Can you automate accessibility testing?

If you work for a company that takes accessibility seriously and have gone through a few rounds of manual testing for accessibility issues, you’ve probably asked yourself whether you can automate accessibility testing and save yourself some time. It’s not that straightforward.

I’ll kick off this post by answering the question – No. No, you cannot automate accessibility testing.

Hopefully, you’ll stick around as I go into a little bit more detail and dig a little deeper into accessibility testing and what tools, and non-tools, you have access to.

Creating a distinction

So when I refer to accessibility testing in this article I’m talking specifically about testing a website, or specifically a page of a website, against the WCAG 2.1 rules. To pass “accessibility” is to meet the criteria outlined by WCAG 2.1.

Obviously, that isn’t really “accessibility” because you could pass the guidelines set out by WCAG but still have users with specific needs struggle to use your website.

True accessibility is just usability that includes everyone and the only way to have a website that is truly usable by everyone is to do proper user testing. User test like you would do anything else. Don’t consider accessibility as a stand-alone issue, just be more inclusive with your builds.

With that said though – this article focuses on accessibility defined by WCAG and whether that can be automated. Again, it can’t but more words follow.

What can you automate?

Some elements of accessibility testing can be automated to an extent. This automated testing may not flag all issues with a page though because automation is still fairly limited.

You can automate some testing against:

  • Elements that are not semantically correct
  • Elements that should be, but aren’t in a specific order (similar to the first point)
  • Text that doesn’t have the correct colour contrast
  • Images without specific attributes
  • Form elements without correct accompanying elements (fields without labels)

Automated tests like Lighthouse or AXE can test for the above and give recommendations when something isn’t quite right. These same tools though can very easily pass elements that may not actually pass the guidelines.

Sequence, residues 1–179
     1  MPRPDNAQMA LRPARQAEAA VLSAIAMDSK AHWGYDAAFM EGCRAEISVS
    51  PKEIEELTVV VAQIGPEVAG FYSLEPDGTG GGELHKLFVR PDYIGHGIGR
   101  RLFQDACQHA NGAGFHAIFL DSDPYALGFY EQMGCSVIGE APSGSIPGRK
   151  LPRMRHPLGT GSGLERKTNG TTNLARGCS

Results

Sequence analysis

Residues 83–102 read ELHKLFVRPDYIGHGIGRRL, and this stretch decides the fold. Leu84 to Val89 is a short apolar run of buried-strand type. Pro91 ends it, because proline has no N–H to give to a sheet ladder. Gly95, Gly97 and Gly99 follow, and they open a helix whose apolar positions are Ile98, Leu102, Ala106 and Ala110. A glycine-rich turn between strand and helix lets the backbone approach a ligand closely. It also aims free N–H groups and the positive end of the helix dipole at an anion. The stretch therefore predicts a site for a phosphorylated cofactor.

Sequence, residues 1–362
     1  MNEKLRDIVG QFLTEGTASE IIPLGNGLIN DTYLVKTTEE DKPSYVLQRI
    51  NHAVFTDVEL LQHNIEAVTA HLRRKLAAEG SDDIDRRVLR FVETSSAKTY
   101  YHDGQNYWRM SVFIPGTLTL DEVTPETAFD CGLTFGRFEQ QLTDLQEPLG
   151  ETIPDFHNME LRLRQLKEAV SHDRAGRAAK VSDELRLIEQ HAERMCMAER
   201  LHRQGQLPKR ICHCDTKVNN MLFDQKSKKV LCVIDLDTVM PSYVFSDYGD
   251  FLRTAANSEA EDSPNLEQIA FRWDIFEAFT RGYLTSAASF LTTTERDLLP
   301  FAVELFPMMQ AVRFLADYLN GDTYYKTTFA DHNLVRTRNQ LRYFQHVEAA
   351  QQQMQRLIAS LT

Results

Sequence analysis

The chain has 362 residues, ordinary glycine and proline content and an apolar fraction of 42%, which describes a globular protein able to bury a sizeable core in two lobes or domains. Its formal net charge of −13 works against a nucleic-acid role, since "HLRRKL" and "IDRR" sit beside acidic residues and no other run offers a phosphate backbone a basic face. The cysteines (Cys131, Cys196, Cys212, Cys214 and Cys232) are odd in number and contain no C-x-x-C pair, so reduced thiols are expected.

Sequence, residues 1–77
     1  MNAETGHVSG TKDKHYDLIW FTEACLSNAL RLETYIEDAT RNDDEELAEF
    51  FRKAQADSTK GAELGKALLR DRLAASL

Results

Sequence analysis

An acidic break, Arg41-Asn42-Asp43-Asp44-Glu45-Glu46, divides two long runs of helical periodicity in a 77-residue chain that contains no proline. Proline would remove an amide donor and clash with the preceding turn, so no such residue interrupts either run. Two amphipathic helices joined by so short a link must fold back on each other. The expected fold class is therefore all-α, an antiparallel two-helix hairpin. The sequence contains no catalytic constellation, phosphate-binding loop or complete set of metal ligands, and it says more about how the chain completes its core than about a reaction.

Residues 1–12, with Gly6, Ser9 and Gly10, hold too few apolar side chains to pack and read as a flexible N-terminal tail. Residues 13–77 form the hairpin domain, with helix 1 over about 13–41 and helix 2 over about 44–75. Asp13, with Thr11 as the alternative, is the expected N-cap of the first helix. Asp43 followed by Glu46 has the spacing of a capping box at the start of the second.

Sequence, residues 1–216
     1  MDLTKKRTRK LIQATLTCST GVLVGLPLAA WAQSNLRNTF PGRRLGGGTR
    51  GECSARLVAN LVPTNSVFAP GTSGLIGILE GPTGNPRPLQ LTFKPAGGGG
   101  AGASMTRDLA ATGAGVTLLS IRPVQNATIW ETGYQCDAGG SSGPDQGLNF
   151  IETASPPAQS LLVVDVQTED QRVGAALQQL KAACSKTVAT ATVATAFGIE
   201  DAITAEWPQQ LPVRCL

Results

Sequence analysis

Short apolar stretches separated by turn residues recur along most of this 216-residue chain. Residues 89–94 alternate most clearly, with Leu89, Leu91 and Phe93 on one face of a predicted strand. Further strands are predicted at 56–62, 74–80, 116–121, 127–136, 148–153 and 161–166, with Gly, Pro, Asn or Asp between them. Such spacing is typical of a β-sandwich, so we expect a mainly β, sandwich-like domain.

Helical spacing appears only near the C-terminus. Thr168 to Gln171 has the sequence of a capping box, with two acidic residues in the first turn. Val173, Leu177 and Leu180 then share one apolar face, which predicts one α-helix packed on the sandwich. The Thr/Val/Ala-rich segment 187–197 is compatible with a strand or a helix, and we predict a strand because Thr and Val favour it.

Think about images and alternative text. Automated tools can flag an <img> tag without a ‘alt’ attribute as a fail because it’s binary. All images should have the alt attribute even if the attribute is empty.

However, if an image is needed for context or for the understanding of content it should have a description. We’re not quite there with automated tools to be able to understand the context and understand the image enough to know whether it’s needed for context.

Automated tools cannot determine whether an image is content or not. Whether the content still makes sense without the image. Whether an image is decorative or not. They just don’t. But as long as that image has an alt attribute it will pass – whether or not that alt attribute should be null or have more detail.

Manual testing for the win – maybe not

So with automated tools having their downfall, it may sound like manual testing is the only way to succeed.

Although mostly true, it’s also not that straightforward either. Manual testing works perfectly if you know what you are doing, what you’re looking for and how to read the results.

In this context, manual testing refers to going through each WCAG 2.1 criteria and manually checking a page against it for a pass or fail. I’m of the opinion that manual testing can only work if the person doing the testing has enough experience to understand what may cause a pass or fail.

To manually test each criterion I use my own accessibility spreadsheet to help me. I have one document per website and each document covers multiple pages. I then manually go through each succession criteria and ensure the page adheres to it. I have experience in this so know what to look out for, but not everyone has the experience and you need a fairly broad skill set.

For some of the criteria that could mean you need experience in HTML in order to find and understand a failure. You may need a good understanding of the content to understand whether it’s understandable enough. You may need to understand how specialist software works and how those tools interact with pages.

Manual testing isn’t the perfect tool either.

So how do you properly test the accessibility of a site then?

The best way to ensure your website is accessible is to simply do a combination of automated testing, manual testing and user testing. It will be the most effective way of catching any accessibility issues. Putting all your tools to work is the only way to get reliable usability for every user.

I use multiple tools as part of my testing process including:

  • Lighthouse audits (automated)
  • Axe audits (automated)
  • My own free lighthouse-a11y-audit tool (automated)
  • Manual testing
  • User testing including interviews, workshops and surveys
  • DebugBear (automated)

Training and user feedback will help

Creating experiences for people with special requirements needs a lot of different considerations and tools. So along with your arsenal of tools, you should ensure that every single person who can influence the usability of a site has some training in creating accessible websites.

Another thing to consider is adding contact details within your accessibility statement to make it easy for users to report accessibility issues. This could be a useful tool for those issues you never catch during testing for whatever reason.

So you cannot automate accessibility testing. I also don’t believe you can rely just on manual testing. Tackle accessibility with the same process you would anything else and most importantly speak to your audience.

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